Improving Care of Out-of-Hospital Cardiac Arrest
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Humanity’s greatest advances are not in its discoveries—but in how those discoveries are applied.
Cardiac arrest is a common cause of death, afflicting >300 000 patients per year in the United States, with a case fatality rate of 95%.1 Many of these deaths may be prevented with improved resuscitation efforts. Considerable progress has been made in the last 5 years on how to improve survival from out-of-hospital cardiac arrest, but the opportunity to improve outcome remains largely unrealized.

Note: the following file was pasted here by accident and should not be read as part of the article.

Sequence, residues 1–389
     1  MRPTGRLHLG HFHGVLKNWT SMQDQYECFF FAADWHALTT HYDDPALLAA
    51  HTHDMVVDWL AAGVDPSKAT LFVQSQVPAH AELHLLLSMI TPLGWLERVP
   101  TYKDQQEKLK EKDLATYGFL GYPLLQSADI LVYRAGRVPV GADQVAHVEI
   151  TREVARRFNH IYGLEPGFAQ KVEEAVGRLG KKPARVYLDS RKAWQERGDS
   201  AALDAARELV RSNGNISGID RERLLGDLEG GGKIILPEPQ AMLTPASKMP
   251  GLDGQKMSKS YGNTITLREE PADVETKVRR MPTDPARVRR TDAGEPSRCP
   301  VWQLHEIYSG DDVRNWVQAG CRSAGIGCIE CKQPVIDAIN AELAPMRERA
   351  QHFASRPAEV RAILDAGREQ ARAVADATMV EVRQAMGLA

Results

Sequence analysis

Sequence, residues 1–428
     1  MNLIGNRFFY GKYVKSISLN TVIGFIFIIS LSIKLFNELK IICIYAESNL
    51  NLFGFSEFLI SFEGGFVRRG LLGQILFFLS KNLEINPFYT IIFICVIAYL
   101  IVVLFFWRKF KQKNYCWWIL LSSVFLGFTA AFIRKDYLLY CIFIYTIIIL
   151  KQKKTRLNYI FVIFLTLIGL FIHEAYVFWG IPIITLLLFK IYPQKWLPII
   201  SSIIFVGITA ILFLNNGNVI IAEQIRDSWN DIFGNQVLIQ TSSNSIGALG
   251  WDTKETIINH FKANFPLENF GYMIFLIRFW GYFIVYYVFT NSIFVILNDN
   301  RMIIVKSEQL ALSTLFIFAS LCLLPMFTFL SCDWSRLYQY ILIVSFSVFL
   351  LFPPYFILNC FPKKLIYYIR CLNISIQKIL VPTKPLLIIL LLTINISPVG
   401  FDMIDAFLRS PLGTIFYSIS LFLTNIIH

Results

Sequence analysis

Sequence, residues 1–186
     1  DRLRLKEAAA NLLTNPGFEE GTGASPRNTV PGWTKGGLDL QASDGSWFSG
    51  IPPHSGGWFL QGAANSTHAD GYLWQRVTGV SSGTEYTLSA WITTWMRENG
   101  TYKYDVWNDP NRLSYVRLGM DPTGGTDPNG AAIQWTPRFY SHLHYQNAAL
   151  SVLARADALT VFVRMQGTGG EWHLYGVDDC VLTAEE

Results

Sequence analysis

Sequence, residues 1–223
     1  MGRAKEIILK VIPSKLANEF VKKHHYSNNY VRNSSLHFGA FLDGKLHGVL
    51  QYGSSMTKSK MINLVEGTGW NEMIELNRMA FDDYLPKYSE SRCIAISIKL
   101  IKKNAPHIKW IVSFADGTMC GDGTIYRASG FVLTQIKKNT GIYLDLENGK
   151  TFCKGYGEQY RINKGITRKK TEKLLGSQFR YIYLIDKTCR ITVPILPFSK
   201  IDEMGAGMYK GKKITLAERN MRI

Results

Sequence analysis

In recent years, the data have increased regarding who suffer cardiac arrest, where, how they are treated, and related outcomes. Several informative registries are found, in both the United States and other countries, with the most detailed major North American registry being in the National Institutes of Health-sponsored ROC program (Resuscitation Outcomes Consortium) and the most extensive being CARES (Cardiac Arrest Registry to Enhance Survival). Both registries have provided important insights, including that more than half of patients with cardiac arrest have underlying ischemic heart disease and more than three quarters of cardiac arrests occur in patients’ homes. An important analysis from ROC showed regional heterogeneity in survival of patients with presumed cardiac arrest with shockable rhythm, ranging from 8% in Alabama to 40% in Seattle, suggesting an opportunity to improve care by adapting best practices around the …